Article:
10 August 2020

Engineers will play a crucial role in Australia's economic recovery once the COVID-19 pandemic passes, by driving old-school infrastructure projects and also the push for innovation across a variety of industries to create new companies and jobs.

Australia's universities, reeling from a big financial hit from a sharp decline in international students attending their premises, are accelerating their efforts on a number of fronts. The spotlight isn't just on the traditional building of bridges, tunnels and new transport links, but relatively new sectors such as medical devices.

University of Melbourne Professor David Grayden, the Clifford Chair of Neural Engineering, is also a director of the Medical Technologies Research Platform at the university's School of Engineering.

"Australia’s economic recovery and growth into the future will be greatly enhanced by the development of even closer links between engineering researchers and the business sector,'' Professor Grayden said.

He said one of the major areas of focus was on setting up research platforms that forge close links with industry to solve real-world problems.

Professor David Grayden from University of Melbourne

He said that sharp focus on industry had been carefully woven through all of the teaching and learning happening in the engineering school.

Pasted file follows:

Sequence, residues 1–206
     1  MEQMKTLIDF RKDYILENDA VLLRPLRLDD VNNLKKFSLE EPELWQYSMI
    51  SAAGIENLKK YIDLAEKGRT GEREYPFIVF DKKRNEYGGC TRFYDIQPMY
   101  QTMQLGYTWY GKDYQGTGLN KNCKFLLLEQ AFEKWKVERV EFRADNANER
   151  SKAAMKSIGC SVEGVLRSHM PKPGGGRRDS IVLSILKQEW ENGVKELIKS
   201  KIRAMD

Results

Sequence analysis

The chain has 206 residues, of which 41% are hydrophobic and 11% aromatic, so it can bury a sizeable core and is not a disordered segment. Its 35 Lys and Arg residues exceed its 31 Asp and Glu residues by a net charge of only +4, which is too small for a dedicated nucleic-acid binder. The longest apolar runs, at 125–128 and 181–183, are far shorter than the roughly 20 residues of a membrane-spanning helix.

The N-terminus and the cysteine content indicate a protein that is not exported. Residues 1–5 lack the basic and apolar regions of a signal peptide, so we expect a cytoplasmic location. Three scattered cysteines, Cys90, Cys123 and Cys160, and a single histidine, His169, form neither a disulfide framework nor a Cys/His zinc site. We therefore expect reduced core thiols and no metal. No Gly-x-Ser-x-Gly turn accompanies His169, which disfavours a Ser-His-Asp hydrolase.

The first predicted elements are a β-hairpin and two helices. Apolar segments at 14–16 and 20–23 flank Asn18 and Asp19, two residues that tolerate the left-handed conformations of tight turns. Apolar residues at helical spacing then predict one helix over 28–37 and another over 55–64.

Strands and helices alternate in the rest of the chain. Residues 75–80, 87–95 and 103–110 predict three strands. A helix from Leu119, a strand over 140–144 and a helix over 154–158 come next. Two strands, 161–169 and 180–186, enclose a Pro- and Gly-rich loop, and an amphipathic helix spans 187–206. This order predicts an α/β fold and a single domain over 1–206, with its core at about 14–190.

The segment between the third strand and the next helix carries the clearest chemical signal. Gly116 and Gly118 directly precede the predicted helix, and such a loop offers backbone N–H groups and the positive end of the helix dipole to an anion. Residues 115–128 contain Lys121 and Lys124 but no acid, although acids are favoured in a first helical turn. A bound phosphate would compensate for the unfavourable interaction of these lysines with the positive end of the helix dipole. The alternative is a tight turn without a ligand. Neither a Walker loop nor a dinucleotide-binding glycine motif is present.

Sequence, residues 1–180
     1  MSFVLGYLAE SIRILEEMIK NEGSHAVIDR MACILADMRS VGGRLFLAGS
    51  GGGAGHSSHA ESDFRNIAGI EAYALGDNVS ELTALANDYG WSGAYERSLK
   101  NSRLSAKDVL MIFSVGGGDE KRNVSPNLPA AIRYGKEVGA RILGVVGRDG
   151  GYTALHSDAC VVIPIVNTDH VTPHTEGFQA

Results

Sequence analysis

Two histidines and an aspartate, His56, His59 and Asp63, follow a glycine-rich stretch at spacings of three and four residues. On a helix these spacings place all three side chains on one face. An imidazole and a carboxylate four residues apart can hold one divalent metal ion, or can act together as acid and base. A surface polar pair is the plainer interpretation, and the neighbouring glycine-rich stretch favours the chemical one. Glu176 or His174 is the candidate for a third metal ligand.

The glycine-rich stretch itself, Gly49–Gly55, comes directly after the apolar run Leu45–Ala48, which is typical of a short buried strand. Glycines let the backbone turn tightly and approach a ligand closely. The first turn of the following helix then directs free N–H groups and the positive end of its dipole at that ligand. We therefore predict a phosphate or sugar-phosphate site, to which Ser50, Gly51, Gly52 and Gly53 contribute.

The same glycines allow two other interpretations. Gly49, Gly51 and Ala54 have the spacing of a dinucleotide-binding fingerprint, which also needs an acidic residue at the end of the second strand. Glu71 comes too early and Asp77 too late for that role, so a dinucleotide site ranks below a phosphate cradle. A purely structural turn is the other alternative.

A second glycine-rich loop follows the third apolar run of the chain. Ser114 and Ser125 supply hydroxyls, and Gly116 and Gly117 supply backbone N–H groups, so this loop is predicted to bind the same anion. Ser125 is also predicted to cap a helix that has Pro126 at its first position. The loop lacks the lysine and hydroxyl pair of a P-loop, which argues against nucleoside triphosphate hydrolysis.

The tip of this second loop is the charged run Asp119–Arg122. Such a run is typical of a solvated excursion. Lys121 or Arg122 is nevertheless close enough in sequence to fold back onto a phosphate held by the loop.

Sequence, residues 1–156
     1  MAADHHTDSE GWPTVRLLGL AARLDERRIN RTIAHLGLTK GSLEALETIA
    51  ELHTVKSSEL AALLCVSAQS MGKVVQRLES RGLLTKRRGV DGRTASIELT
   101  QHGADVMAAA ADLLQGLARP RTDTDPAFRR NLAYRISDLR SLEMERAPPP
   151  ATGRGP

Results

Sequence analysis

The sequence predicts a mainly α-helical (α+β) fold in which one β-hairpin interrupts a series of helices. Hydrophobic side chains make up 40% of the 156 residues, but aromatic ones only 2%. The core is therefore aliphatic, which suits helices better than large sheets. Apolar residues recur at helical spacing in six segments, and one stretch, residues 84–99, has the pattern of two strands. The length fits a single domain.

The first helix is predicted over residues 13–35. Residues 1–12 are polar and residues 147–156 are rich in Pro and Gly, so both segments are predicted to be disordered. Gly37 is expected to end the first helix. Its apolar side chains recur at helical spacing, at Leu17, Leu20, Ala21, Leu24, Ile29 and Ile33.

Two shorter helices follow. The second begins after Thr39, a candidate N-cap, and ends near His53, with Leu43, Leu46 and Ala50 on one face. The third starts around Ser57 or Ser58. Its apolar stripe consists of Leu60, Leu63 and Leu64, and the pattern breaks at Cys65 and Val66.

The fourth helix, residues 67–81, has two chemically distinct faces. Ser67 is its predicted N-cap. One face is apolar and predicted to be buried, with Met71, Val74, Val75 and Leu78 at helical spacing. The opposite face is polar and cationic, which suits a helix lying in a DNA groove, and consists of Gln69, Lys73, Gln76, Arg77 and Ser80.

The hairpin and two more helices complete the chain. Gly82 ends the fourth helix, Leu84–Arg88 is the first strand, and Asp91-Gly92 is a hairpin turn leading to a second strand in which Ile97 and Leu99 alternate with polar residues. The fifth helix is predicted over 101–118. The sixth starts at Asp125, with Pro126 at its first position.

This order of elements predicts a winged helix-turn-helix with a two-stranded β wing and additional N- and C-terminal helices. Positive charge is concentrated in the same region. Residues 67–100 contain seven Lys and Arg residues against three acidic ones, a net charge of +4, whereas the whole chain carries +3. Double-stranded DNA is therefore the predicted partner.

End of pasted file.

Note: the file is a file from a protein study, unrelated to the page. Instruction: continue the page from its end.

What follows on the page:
The university has also been on the front foot with a bio-design innovation program.

Professor Grayden said it was a joint teaching program offered since 2016 at the University of Melbourne by the Melbourne School of Engineering and the Melbourne Business School.

It is based on the program initially developed by California's Stanford University and on the model adapted by the Hebrew University of Jerusalem.

"The program has been extremely successful since its inception, with 10 companies formed from 18 teams between 2016 to 2019,'' he said.

The aim of bio-design is to nurture high-quality founders to solve ambitious problems and form start-ups with valuable intellectual property and sound business models.

"Students in multi-disciplinary teams learn to identify unmet medical needs, develop and prototype concepts, and generate business plans to support the creation of medical devices,'' Professor Grayden said.